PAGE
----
Müller cited the European Commission’s Report on Economic Adjustment Programme for Ireland, according to which prices fell by 1.5 percent, unit labour costs fell by 5.5 percent, while labour productivity grew by 4 percent in 2010.

“One of the pleasing aspects of the current business environment is that Enterprise Ireland client companies are continuing to invest in R&D,” Müller said. “In 2009 Irish-owned businesses spent over half a billion euros – €563 million – on R&D. Irish-owned businesses are expected to have spent almost €600 million – an increase of 6 percent – on R&D in 2010, despite the impact of the recession.”

Enterprise Ireland has implemented a range of initiatives to help companies with their competitiveness. ‘Lean’ business practices are a well-recognised set of principles which can be implemented in a business to reduce waste, minimise costs, and generally improve the operations side of a company’s business.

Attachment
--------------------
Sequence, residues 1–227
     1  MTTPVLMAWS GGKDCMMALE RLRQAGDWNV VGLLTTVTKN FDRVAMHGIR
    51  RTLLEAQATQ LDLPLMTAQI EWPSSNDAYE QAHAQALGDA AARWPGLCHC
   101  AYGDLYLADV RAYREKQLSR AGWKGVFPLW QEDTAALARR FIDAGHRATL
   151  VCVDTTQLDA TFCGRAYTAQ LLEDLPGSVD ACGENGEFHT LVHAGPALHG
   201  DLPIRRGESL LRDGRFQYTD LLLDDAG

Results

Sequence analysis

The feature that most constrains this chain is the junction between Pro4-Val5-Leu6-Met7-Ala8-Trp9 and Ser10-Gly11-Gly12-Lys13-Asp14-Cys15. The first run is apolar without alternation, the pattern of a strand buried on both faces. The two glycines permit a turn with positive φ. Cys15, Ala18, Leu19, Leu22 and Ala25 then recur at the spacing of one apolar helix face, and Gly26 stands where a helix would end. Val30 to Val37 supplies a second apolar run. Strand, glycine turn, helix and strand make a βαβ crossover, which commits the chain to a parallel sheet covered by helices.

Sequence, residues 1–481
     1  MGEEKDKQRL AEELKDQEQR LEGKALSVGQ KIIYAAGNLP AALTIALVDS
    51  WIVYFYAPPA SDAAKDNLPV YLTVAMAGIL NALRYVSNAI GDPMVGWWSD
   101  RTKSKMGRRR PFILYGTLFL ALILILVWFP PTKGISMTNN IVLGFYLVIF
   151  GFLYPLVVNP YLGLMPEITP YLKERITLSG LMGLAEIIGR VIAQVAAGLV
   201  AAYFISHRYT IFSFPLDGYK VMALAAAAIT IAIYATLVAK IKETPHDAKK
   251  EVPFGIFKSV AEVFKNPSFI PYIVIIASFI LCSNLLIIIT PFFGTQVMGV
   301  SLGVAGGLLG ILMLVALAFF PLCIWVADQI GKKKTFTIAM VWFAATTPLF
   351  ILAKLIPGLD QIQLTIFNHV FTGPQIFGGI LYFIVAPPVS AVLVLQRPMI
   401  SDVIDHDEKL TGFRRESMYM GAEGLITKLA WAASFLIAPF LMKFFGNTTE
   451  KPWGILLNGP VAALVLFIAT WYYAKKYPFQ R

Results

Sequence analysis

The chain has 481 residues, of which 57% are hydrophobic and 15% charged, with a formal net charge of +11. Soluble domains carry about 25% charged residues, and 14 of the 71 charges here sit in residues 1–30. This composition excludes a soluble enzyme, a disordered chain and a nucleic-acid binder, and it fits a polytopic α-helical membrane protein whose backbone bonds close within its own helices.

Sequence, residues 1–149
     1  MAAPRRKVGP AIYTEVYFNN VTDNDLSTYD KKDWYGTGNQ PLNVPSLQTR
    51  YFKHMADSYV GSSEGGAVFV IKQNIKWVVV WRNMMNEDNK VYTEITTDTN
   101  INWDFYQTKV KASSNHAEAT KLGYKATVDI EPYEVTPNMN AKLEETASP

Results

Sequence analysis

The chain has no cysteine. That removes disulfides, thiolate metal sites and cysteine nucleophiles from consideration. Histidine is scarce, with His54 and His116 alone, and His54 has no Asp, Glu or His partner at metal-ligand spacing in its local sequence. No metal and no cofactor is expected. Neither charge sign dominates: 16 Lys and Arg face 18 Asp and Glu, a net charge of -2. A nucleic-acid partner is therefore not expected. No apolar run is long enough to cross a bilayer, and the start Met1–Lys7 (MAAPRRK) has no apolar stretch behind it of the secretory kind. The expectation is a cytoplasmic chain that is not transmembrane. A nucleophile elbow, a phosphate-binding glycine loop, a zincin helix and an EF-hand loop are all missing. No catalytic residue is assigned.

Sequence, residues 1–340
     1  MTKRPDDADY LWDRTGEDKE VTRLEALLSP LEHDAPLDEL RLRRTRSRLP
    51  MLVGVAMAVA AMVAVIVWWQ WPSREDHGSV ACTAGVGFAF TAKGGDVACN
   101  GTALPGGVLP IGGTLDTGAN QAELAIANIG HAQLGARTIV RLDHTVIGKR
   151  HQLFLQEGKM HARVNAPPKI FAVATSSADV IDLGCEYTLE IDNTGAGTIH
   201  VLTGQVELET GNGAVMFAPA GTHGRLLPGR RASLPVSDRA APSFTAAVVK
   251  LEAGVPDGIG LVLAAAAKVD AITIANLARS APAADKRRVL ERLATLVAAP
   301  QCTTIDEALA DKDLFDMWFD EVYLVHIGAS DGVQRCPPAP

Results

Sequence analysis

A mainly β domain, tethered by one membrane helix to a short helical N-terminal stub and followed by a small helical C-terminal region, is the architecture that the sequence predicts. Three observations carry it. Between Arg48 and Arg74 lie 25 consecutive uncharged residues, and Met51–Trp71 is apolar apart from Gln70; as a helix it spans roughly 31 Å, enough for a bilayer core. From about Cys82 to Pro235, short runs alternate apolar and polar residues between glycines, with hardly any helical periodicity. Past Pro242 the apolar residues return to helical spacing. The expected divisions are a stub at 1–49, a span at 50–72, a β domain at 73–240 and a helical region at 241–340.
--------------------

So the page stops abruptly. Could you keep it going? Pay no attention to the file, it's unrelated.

“We have had some significant success with this programme, with companies reducing their cost of sales by between 15 and 20 percent,” said Müller. “As a consequence, many Irish companies have been focusing on investments in their current place of business and have postponed decisions and plans for overseas expansion.”

Another factor is companies’ access to bank credit, something which remains a challenge.



“However we are currently witnessing a growing number of companies setting up regional sales offices in Slovakia and concluding partnerships with Slovak enterprises,” said Müller.

The best-known companies with Irish capital or roots that are active in Slovakia include Ballymore, which is behind the Eurovea development in Bratislava, and Ryanair. In the production sector are Odenberg Engineering and Silcotec Europe, and in HR CPL Jobs and Grafton Recruitment have a strong presence.